Fifty percent of consumers who always went to the same supermarket on their way home from work or what not, have shopped in a new way now. Likely they've had groceries delivered to their home. Four in ten consumers in Europe have actually purchased something online for the first time that they've only ever bought a physical brick and mortar store.

This brand disloyalty has been seen particularly in the grocery and home essentials space, the sector of the market that most suffered from panic-buying in the first weeks of the crisis. Rose Spicer, Oracle’s Head of Global Retail Marketing, says over 80% of consumers have discovered store own brands as a result of the lack of their usual choices on the shelves. That can provide opportunities for rival retailers, she points out: 

One in four of those consumers plans to stick with these new brands in their entirety, so that's such a great opportunity for retailers to really control that. Toilet paper was obviously in high demand during this last run, cleaning products as well - those are two opportunities where people can do private label. There was a lot of cooking at home and there was a lot of stockpiling of carbohydrates and other things to feed your family and be able to not make all of those different trips to the grocery store. This has created a pretty cool opportunity. So think about private label and how does that really fill the gap when you're running out of stock in the store?

Get in front of consumers if you want to hang on to them

The flip side to that own brand opportunity to poach market share that is cited by Spicer is the threat that this poses to established labels, the gorillas in their particular product categories. Nothing can be taken for granted, Spicer reminds them. A proactive response is demanded:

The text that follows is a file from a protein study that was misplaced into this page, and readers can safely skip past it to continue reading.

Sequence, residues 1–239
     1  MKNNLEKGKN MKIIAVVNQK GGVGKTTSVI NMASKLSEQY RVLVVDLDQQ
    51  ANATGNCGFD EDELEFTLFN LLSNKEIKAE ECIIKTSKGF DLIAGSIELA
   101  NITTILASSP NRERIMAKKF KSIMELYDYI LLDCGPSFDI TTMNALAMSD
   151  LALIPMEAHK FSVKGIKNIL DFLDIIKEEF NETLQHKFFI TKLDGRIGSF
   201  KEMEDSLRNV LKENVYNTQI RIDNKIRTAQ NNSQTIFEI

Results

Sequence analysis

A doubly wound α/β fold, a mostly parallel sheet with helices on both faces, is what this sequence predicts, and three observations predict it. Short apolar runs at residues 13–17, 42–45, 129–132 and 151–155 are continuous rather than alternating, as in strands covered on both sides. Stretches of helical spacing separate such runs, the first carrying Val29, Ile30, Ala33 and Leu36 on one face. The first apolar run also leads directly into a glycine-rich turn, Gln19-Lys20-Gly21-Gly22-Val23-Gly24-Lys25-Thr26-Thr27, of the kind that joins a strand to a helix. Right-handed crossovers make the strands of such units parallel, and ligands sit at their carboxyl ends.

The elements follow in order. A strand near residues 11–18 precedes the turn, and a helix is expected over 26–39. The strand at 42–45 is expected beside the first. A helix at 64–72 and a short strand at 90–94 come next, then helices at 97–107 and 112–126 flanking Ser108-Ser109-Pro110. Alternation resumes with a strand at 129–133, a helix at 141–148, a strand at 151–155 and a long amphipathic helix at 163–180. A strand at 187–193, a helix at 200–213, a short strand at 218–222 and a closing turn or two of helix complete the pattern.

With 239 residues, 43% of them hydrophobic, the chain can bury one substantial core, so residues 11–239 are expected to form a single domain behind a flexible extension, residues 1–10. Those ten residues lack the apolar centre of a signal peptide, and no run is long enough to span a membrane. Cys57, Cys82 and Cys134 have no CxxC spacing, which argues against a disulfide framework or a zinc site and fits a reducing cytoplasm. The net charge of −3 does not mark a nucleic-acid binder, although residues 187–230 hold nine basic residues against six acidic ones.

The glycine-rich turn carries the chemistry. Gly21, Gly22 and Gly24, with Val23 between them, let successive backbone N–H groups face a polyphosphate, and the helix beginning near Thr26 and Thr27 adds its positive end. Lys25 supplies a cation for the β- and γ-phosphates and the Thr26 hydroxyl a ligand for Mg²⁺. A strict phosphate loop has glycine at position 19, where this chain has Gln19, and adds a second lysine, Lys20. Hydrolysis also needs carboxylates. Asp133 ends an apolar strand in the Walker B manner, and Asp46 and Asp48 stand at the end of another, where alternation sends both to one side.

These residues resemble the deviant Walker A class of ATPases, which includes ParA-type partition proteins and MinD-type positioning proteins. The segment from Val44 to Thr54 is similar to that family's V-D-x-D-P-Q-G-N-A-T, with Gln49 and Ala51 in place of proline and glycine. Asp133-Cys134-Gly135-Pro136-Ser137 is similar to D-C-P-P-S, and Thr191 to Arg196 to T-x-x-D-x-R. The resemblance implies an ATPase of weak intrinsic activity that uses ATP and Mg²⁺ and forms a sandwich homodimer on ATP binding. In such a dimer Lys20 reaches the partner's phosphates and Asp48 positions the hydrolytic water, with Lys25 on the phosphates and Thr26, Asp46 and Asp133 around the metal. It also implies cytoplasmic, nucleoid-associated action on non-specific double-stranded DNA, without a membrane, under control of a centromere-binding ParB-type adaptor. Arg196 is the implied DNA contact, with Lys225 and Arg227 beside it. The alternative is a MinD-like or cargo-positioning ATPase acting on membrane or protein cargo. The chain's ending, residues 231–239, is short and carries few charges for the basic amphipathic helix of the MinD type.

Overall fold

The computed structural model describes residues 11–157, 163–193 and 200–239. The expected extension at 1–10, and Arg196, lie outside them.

You need to actually get your brand in front of people, especially when you've got loyal consumers, where you want to make sure that you maintain their loyalty and that they don't discover something else…Retailers really need to get on board with making sure that they don't give the space up to new brands. I would implore those who are traditionally in-store retailers to really think about how do you get your brand in front of people that are shopping…Don’t let the smaller newer brands take over that space that's your space. You've put a lot of time and energy into creating loyalty with your customers.

In many cases, and particularly in the fashion and speciality retail spaces, tapping into social media platforms, such as Facebook, Instagram and TikTok, could be a very worthwhile investment in this respect, she argues. 

Knowing your back from your front and how they connect 

With the enormous surge of customers moving online, there’s a need for a robust and scalable platform to support and execute on demand. According to Nuno Pedro, Head of Commerce, SAP Customer Experience:

With the the omni-channel nature of commerce nowadays, I think there's a very important connection to make between the the back end and the front end, being able to stitch together the customer journey between customer buying and ordering online and the fulfilment and delivery of that order, as well as the manufacturing, the planning, the inventory management. Connecting all those dots is really of paramount importance for all companies.

This has been a year in which supply chain has come to the fore, agrees Carrie Tharp, VP Retail and Consumer for Google Cloud:

I think supply chain and how we thought about supply chain will be forever changed. For [those] that are focused on supply chain, you may have felt for the last couple of years you were in the shadow of your digital counterparts, but I think [2020] is the year we brought supply chain to the forefront. Everybody was thinking about the Amazon dynamic - do I need two day, do I need one day, do I need same day shipping? But really it's the whole supply chain.